1. Introduction to Drupal and to this tutorial
Drupal (drupal.org) is a content management system: a web application framework which allows you publish content to the web and customise your webpages with a great deal of flexibility. It is modular: you can attach modules with the specific function you need, and omit others you don’t need. It separates design and concept, so you can easily change the look and layout of your content. It is also open source, and therefore free. Other good reasons for choosing it include the fact that it is secure, and that you do not have to reinvent the wheel: if there is something you want your Drupal site to do, the chances are good that someone else has already designed a module to do it.
This tutorial will show you how to install Drupal 7 (at the time of writing, Drupal 7 is more popular than Drupal 8). You will learn how to customise your Drupal site so it can function as a simple blog, and give you enough pointers to the next steps you might want to follow. More broadly, it aims to demystify some of the jargon around Drupal and get you to the point of being able to speak tourist-level Drupalese with your IT department.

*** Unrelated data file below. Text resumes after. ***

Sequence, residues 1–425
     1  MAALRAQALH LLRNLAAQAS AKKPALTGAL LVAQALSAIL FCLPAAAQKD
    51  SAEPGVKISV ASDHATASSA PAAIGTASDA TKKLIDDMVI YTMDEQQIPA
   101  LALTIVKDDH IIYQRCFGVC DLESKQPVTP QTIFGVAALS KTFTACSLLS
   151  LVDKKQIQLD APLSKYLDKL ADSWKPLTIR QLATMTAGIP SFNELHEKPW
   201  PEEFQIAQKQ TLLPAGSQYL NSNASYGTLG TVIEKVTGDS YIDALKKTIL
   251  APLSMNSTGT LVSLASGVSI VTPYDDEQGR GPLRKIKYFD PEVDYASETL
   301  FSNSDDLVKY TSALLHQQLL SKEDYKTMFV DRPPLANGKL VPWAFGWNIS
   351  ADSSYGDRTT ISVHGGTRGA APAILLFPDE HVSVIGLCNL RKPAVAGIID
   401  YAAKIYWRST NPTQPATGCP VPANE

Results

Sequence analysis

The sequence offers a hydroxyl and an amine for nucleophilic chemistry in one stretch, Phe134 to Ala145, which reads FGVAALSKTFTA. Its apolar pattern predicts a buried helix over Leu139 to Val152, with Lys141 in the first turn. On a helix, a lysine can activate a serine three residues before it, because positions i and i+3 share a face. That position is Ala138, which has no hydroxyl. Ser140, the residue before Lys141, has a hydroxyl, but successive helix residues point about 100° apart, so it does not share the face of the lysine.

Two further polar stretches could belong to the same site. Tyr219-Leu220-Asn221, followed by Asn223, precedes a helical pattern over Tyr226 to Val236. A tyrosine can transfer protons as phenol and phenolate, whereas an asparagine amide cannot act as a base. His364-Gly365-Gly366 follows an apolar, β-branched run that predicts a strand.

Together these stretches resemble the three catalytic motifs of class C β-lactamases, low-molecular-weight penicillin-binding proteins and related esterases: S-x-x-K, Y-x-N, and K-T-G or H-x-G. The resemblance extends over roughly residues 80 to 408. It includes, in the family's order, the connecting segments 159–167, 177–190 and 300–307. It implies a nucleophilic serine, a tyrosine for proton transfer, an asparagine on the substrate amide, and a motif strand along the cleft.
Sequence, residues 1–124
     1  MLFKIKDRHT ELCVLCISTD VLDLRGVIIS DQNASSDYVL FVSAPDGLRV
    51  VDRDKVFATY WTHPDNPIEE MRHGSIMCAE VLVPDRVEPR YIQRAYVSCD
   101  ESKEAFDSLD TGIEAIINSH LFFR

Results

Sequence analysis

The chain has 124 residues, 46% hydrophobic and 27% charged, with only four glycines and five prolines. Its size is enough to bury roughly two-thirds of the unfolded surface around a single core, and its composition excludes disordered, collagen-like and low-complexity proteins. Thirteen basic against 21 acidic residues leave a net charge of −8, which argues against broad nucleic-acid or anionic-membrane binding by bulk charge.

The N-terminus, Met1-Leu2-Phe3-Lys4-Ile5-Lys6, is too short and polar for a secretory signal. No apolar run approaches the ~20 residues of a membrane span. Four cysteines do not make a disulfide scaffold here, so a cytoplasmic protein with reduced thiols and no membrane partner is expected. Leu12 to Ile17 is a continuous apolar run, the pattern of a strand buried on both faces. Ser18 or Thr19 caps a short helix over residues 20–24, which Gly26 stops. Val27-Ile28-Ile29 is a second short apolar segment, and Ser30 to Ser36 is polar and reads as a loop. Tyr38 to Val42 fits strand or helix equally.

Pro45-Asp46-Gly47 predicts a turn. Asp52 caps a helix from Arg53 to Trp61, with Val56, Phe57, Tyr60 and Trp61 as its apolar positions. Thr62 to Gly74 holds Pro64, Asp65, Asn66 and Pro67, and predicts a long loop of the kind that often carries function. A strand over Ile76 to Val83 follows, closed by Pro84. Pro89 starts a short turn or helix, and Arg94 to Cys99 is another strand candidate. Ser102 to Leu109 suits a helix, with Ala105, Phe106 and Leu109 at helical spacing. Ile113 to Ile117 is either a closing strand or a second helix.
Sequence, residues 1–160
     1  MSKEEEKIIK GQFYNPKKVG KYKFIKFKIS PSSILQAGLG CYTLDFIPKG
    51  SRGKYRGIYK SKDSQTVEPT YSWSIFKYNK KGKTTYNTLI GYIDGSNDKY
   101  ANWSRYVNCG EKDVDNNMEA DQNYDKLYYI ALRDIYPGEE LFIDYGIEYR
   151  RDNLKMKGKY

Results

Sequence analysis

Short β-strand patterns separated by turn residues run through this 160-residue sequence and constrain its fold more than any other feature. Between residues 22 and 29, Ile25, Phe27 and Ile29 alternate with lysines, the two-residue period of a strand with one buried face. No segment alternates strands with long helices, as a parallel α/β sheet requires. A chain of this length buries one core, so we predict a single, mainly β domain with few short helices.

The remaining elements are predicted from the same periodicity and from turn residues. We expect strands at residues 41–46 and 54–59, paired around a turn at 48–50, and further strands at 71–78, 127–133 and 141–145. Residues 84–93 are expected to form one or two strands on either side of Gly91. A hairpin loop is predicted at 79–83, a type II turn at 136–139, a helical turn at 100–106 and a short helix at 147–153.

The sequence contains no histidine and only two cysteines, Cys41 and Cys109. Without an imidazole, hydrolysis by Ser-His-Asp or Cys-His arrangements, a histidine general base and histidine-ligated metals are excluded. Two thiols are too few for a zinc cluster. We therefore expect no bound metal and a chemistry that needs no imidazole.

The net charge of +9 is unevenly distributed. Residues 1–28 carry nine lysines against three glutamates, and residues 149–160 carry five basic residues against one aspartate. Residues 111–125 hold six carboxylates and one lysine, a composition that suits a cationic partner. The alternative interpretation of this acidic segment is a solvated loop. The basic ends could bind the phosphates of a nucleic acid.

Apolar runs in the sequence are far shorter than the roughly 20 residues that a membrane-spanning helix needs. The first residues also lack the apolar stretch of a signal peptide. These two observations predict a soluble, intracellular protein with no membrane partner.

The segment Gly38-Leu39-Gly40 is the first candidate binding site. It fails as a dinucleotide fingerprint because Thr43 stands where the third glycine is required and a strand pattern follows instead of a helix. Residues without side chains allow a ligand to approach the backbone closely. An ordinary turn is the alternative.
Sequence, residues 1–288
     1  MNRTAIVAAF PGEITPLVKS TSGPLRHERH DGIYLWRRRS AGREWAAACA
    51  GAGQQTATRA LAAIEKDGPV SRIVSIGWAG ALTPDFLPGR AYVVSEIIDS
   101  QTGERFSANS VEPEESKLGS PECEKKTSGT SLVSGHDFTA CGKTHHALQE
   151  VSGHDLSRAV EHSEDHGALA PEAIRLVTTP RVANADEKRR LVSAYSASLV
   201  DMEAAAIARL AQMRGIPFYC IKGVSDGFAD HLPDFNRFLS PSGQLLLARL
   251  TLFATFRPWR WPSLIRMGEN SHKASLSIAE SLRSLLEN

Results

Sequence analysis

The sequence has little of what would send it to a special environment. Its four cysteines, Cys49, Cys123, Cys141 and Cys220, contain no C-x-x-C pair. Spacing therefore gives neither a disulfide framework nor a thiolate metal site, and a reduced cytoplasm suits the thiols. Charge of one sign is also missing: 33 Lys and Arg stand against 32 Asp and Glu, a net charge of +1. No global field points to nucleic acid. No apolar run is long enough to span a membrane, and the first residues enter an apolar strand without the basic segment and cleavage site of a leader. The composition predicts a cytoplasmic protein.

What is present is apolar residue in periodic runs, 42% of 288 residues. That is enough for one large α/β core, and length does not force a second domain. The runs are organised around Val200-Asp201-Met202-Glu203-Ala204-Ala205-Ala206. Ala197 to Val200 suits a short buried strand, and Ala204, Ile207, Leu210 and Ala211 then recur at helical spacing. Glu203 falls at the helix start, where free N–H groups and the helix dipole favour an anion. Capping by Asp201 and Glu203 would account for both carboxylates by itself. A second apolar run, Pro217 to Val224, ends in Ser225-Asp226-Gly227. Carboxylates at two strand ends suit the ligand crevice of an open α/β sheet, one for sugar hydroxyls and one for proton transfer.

This tutorial also assumes that you are using a Mac computer. If you are a Windows user, you will still be able to do most of the steps, but for installation and setup you may find it helpful to consult this page from the Drupal website.
2. Brief historical background
To understand why Drupal works the way it does, here is a (brief and selective) history:
- Very early 1990s: Tim Berners-Lee has a web server running at CERN. It’s only HTML, so websites are one-way, like research libraries.
- Mid 1990s: Berners-Lee’s colleague Hakon Wium Lie developes CSS, which makes it easier to design websites.
- Late-1990s: Rasmus Lerdorf’s PHP starts to get popular so websites can be interactive to the point where they look a lot like regular applications.
- In 2000 Dries Buytaert, then an undergraduate at the University of Antwerp, writes a web forum application.
- In 2001 Buytaert makes this application open source, and it starts to evolve.
- In 2003, Drupal is used to build the website of Democratic US Presidential candidate Howard Dean.
- 2006 sees the first “modern” Drupal release, 4.7.
- In 2008 the Obama Administration adopts Drupal for the official White House website.
- By 2018, Drupal is used by millions of websites worldwide, including thisamericanlife.org, Major League Soccer, and many universities, including the University of Edinburgh. There are also some interesting uses of it within the digital humanities, for example Islandora.
3. Downloading and installing a webserver